We drove around Lemolo and Suquamish in her convertible and talked about the way the sun peeks through the shadows of the trees in the morning as it rises, and the way the trees on either side of the road converge in the middle, leaving only a glimpse of sky, feeling like you are in a tunnel, but not feeling confined the way I do when on the freeway. We talked about the trees; about how the trees here are the best of all, aside from maybe the birch trees of the northeast with their white and tan striped bark and their sporadic spacing. But the trees here, so green you can feel it and smell it and breathe it. And we talked about when you reach the top of a hill and see the mountain peeking out into the sky-- as you drive forward it feels larger, and yet more distant, more massive, more of a phenomena, as if something that monumental couldn’t even exist naturally.
And we talked about how the yellow lines of the highway set up a parallel structure, a path you can follow to find your way to something even more beautiful than the last. And that is the thing—we keep searching for something more and more beautiful, be it a person, a mountain, a book, a song, a shirt, or a feeling, but time accounts for a lot, because people often return to the beauty that they have known the longest. We can’t rid the feeling of home. We can’t rid the familiar feeling of a full kitchen on a November morning, when the sky is just gray enough to stay in all day, like you do every year, and drink coffee and read books and play music and bored games with your mother and father and brother and uncle. We can’t rid the feeling of knowing all the words to our favorite song and screaming them from the windows of our first car that may not be fashionable, but is reliable. We can’t rid the feeling of the sweater that we have worn so many times it is fading and the seams are coming undone, but it smells and feels like home. We can’t rid the feeling of knowing a person so well, that their relationships feel as natural as the smell of blackberries on a hot august day. We can’t rid these feelings, and we don’t want to either. We relish in their familiar comfort, their feeling of home. The world is lovely, full, and intricate, but while those parallel yellow lines will always take us away, out of our comfort zone and to adventures, they will also always return us to the beauty that steeps inside of us, only getting stronger with time.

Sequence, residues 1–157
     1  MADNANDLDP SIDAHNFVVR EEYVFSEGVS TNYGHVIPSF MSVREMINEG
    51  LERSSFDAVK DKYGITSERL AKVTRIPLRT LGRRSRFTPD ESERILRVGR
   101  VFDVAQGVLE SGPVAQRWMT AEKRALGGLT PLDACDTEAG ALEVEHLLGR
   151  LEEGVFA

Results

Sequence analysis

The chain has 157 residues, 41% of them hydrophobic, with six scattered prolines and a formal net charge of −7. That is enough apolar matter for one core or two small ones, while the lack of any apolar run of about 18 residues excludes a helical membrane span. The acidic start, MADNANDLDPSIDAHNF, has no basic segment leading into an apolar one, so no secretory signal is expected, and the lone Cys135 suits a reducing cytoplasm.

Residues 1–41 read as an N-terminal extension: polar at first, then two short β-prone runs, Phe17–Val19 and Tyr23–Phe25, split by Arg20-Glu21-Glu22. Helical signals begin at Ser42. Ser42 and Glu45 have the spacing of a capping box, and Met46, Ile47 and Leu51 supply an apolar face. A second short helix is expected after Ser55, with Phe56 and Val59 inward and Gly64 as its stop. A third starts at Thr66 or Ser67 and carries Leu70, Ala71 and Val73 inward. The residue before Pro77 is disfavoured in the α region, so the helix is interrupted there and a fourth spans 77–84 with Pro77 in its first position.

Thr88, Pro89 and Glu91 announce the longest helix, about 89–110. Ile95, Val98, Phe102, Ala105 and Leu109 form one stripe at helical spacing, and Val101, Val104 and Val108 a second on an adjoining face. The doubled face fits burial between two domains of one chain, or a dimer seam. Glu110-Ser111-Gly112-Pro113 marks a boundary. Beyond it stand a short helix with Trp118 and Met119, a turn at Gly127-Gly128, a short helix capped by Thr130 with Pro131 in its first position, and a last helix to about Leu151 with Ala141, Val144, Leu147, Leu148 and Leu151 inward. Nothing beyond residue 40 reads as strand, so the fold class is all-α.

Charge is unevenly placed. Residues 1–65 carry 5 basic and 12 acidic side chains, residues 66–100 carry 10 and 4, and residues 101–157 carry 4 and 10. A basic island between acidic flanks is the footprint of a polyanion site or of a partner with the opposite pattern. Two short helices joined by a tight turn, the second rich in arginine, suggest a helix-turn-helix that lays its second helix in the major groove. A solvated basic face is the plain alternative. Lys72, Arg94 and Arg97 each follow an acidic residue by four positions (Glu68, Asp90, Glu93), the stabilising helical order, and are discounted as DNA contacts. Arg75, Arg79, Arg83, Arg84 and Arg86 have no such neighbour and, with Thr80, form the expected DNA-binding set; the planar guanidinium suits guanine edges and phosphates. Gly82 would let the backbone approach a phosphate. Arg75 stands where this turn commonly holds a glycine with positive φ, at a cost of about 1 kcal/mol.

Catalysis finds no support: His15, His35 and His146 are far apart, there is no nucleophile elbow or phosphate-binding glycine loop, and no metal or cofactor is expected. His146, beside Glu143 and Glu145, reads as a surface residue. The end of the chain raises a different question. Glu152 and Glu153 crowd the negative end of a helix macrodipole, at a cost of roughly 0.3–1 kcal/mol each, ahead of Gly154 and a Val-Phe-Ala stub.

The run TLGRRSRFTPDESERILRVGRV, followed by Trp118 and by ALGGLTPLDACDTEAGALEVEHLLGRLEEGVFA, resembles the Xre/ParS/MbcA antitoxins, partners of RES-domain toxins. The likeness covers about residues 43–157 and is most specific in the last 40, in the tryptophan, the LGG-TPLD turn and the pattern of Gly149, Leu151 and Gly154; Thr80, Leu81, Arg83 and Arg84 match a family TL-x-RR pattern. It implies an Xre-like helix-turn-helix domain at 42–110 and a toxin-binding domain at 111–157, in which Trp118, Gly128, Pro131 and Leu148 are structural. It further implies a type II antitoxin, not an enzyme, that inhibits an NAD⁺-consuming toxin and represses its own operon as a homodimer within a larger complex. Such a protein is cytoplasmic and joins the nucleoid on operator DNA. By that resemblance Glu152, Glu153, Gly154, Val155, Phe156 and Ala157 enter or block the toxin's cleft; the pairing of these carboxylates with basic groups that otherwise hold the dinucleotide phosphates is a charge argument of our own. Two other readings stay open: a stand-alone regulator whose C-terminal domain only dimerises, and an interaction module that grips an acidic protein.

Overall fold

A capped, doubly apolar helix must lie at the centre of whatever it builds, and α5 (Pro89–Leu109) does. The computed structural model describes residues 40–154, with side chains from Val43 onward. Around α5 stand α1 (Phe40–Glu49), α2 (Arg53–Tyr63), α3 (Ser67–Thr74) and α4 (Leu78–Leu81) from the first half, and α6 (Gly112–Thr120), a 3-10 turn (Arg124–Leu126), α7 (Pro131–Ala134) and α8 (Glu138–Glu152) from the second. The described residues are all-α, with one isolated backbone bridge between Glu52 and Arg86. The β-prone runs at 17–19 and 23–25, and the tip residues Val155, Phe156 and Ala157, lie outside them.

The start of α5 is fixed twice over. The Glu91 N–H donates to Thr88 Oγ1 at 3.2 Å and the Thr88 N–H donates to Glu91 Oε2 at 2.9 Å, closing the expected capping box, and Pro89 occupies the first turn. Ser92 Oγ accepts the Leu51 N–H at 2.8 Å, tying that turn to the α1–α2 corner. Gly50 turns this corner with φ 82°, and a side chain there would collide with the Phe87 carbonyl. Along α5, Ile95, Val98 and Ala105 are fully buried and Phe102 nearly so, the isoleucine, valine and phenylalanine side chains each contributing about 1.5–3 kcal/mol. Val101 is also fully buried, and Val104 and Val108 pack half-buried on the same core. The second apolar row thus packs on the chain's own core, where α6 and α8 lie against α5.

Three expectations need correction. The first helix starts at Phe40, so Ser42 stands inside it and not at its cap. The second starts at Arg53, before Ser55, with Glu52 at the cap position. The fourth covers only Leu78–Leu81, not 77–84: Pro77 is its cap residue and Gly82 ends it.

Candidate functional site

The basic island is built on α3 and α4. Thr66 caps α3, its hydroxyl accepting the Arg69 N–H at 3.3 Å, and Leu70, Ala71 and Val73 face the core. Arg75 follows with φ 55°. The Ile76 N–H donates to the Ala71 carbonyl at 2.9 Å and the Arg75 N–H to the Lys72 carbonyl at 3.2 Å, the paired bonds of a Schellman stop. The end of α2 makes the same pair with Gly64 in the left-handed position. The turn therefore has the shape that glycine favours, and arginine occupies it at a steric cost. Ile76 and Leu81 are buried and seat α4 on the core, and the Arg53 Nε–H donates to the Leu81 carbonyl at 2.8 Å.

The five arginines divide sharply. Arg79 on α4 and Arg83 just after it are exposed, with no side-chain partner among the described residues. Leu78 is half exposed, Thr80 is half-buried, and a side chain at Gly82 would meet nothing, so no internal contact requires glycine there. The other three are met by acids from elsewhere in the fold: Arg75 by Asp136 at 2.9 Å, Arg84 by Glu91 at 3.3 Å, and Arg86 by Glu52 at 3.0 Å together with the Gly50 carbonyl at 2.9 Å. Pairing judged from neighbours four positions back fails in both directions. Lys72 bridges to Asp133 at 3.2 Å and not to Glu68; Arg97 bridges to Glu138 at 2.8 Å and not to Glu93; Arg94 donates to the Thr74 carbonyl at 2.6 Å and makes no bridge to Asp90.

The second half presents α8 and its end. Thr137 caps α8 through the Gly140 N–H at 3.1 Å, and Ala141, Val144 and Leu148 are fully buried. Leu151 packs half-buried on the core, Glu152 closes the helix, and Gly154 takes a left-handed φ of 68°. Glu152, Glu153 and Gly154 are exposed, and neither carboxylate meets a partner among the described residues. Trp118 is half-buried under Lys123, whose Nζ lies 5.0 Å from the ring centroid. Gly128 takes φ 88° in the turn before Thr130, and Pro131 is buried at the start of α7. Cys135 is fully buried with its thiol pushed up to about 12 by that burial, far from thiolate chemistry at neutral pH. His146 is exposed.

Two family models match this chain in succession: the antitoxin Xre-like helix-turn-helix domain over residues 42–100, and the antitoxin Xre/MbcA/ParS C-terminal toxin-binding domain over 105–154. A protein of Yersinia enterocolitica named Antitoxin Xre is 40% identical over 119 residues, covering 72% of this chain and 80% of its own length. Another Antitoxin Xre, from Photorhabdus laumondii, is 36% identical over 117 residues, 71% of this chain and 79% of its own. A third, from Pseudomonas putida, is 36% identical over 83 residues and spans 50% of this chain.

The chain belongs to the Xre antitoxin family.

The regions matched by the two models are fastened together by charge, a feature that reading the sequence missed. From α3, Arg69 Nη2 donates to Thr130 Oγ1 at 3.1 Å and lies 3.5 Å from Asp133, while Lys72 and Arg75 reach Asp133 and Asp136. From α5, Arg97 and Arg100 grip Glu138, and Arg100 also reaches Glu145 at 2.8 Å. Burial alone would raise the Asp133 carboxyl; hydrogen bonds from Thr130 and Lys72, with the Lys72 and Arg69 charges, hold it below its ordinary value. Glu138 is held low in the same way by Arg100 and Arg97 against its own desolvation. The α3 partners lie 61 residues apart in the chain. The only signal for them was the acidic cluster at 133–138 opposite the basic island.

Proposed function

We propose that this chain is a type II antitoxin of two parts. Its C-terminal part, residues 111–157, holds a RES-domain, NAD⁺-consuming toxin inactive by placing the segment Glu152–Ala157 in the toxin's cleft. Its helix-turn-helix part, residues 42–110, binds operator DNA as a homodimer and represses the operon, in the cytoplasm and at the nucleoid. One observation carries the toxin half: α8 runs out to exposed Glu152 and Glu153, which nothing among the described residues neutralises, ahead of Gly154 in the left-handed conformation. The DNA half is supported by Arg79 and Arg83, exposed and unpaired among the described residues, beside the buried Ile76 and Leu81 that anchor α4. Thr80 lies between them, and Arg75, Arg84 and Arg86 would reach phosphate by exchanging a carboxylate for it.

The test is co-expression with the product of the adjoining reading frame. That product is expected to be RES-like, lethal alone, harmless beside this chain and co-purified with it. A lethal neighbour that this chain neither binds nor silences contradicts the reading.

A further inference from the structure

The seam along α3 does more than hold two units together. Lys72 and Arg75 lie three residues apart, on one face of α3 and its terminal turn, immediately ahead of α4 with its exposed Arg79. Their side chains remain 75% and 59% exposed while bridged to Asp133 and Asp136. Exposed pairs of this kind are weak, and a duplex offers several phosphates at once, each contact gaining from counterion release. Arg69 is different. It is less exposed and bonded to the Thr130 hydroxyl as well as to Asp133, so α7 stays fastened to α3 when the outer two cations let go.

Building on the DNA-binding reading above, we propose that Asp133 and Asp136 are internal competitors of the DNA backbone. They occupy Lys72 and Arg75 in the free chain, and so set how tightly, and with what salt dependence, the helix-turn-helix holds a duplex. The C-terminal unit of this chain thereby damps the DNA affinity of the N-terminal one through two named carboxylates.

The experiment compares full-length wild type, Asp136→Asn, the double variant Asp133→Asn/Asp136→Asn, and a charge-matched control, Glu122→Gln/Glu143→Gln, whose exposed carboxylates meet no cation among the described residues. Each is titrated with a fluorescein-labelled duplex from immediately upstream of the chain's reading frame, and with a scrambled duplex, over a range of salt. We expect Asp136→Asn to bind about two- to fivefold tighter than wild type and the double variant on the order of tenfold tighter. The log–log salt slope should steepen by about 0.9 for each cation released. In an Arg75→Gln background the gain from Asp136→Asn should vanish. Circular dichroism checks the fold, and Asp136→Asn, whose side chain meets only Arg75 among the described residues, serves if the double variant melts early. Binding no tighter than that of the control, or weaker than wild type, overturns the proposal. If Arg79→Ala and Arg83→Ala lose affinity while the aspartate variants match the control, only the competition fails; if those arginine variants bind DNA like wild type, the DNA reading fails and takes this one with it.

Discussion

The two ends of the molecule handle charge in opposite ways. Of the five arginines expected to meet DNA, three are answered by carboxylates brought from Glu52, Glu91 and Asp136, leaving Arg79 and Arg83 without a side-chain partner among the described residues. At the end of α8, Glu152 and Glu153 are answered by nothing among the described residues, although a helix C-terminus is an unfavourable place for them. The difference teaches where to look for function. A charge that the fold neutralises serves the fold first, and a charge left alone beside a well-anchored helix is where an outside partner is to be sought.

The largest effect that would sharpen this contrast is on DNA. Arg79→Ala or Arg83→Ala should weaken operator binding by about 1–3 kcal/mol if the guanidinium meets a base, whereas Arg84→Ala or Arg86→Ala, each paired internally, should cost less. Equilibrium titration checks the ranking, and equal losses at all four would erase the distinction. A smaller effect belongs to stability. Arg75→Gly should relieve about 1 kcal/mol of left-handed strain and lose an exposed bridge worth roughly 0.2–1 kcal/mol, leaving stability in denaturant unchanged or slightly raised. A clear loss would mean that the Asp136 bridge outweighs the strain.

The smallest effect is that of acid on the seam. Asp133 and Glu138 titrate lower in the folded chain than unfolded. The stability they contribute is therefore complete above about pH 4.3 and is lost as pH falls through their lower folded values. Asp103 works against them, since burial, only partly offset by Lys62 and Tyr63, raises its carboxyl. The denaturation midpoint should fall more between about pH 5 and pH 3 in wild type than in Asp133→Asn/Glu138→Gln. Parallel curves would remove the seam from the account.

And with every mile further on the road, past the open deserts crackling or the waterfalls dripping through andesite, we get further away from the memories that just happened, but closer to memories about to happen. And to live in the moment becomes impossible, because life is just a string of moments hung together by associated emotions. So we see El Capitan once more and sometimes we can’t differentiate the feeling from the last time. The more we experience the same action, place, food, song, or person, the more they start to feel familiar, and they, either quickly or slowly, become a home to us.